Also, I'm sure you already know this, but you probably need a mask without an exhalation port... since the bent has an exhalation valve.

    How were you told they differed in RT school?

    My $0.02...
  9. Paseo Del Norte

    Paseo Del Norte

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    Absolutely, "pure" ventilators unlike the Vision or the V60 are not particularly good about compensating for leaks. The physiological differences were not explained other than there is a difference. Sometimes, in school, it's best to simply let some things go... However, in practice, I like to appreciate some of these details.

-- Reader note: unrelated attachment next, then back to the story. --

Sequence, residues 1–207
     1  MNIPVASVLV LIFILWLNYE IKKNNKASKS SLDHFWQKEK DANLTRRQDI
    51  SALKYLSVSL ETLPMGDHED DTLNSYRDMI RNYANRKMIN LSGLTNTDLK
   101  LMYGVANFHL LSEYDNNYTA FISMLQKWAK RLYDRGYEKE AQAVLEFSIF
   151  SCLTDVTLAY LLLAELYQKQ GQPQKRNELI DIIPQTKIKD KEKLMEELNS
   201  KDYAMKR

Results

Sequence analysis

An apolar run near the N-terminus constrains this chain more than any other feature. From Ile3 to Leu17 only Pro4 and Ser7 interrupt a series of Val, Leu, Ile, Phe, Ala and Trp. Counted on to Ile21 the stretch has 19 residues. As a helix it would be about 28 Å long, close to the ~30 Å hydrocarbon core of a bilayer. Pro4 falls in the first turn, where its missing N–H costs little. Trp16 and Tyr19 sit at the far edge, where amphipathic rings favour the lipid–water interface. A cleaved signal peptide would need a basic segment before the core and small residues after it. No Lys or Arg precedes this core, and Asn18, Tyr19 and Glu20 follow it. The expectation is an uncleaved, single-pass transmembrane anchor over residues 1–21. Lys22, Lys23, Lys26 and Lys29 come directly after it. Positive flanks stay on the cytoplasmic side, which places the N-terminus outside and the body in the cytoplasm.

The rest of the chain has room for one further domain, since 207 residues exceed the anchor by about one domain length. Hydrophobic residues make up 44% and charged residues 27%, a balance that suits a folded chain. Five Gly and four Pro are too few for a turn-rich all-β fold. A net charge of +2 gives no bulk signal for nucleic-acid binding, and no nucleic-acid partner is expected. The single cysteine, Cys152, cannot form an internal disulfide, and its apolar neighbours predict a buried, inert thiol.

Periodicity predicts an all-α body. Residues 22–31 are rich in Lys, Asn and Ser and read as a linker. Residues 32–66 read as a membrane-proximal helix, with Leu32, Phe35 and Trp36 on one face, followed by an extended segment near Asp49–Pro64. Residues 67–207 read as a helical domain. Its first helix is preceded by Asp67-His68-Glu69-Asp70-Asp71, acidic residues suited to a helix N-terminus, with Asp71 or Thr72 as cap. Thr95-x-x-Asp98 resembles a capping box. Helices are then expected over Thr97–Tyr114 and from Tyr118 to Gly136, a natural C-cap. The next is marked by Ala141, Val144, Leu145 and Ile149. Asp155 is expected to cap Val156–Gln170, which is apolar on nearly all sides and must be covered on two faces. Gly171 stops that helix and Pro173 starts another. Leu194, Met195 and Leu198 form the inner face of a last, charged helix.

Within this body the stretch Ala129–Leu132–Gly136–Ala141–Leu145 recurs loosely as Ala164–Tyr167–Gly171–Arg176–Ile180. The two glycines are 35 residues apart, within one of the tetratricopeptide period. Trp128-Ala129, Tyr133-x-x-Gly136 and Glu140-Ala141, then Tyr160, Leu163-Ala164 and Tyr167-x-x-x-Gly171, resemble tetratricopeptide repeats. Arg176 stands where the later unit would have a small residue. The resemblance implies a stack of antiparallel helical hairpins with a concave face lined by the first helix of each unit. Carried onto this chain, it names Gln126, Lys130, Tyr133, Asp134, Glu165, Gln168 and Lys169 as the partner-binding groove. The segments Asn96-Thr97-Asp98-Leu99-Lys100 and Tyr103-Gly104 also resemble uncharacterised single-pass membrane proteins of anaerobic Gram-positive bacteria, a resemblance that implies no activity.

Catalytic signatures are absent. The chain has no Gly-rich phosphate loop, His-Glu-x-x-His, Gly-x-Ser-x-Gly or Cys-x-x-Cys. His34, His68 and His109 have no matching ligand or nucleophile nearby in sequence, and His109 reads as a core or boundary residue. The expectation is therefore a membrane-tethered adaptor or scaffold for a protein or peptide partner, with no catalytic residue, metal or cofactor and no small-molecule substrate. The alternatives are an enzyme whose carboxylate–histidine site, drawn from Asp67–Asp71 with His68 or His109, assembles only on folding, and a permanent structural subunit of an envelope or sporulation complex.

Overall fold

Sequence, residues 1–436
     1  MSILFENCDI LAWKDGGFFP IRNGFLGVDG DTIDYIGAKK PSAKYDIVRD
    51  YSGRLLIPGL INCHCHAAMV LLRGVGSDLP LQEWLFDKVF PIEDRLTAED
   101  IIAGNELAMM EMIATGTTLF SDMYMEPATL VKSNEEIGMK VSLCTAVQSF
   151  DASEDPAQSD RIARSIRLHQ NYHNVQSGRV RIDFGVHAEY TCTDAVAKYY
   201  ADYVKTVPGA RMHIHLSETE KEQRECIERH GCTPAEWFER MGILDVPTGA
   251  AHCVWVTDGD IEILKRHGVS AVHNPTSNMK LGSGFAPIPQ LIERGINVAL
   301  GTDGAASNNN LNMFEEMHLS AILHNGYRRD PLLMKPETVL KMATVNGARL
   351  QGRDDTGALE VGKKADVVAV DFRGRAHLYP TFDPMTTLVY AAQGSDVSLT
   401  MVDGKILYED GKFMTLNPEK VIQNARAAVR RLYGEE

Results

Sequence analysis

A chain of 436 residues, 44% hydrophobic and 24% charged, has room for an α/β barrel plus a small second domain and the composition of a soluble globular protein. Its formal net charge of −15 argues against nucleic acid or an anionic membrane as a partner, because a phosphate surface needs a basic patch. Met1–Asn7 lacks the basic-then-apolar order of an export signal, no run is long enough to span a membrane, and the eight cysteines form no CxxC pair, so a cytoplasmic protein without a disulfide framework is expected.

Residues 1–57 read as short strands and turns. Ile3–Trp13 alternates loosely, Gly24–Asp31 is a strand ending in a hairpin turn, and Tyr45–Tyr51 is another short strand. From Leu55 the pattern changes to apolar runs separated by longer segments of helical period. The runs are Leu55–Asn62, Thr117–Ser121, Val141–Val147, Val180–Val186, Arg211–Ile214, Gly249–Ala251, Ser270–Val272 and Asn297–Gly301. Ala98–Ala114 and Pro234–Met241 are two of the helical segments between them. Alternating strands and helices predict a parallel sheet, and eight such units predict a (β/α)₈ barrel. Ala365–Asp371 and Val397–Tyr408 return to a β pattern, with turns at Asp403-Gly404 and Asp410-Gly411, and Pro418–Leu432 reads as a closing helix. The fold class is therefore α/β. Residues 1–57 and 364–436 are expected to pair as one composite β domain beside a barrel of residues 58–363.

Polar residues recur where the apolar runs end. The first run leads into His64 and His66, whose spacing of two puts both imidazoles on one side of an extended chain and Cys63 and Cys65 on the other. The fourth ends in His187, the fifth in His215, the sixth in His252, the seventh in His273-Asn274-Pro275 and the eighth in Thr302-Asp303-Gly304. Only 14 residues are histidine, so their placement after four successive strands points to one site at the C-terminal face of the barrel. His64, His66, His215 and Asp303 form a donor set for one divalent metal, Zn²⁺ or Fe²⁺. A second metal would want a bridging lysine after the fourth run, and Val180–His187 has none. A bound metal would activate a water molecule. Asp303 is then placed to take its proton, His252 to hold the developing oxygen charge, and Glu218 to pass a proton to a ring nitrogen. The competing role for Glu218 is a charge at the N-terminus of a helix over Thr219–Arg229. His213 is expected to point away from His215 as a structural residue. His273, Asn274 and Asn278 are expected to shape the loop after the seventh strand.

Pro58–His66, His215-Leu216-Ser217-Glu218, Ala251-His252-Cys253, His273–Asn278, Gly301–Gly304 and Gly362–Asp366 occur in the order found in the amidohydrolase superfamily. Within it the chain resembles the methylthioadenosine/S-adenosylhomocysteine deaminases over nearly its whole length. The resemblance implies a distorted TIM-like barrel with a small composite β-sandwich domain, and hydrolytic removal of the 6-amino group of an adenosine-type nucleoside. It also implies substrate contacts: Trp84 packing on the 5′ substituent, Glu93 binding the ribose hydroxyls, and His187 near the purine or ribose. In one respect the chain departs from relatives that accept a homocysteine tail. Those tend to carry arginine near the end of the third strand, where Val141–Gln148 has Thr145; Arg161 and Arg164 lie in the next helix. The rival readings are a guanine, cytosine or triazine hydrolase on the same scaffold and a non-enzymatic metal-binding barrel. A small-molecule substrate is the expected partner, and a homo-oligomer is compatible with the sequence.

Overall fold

Thanks for the replies.
  10. RT2MD

    RT2MD Wanna be Gas-passer

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    I don't see any reason for there being any physiologic differences between the two scenarios that you described. If you really think about it, where would the difference come from? You stated that the pressures are the same, the flows are the same, both instances should be flow triggered/cycled and pressure limited. I think that you just didn't put enough faith in your initial evaluation!

    I hear you about the difference between school and clinical practice, though. I remember one time in RT school I was giving a case presentation to the underclassmen, who had just started and didn't know anything about vents yet - they had been introduced to CPAP, though. One of my slides had the ventilator settings on it, and I used it to walk through the terminology with the underclassmen... I said that PEEP was essentially the same thing as CPAP, just on a ventilator. One of my professors went off into this whole explanation of why that was wrong... I just let it go. :laugh: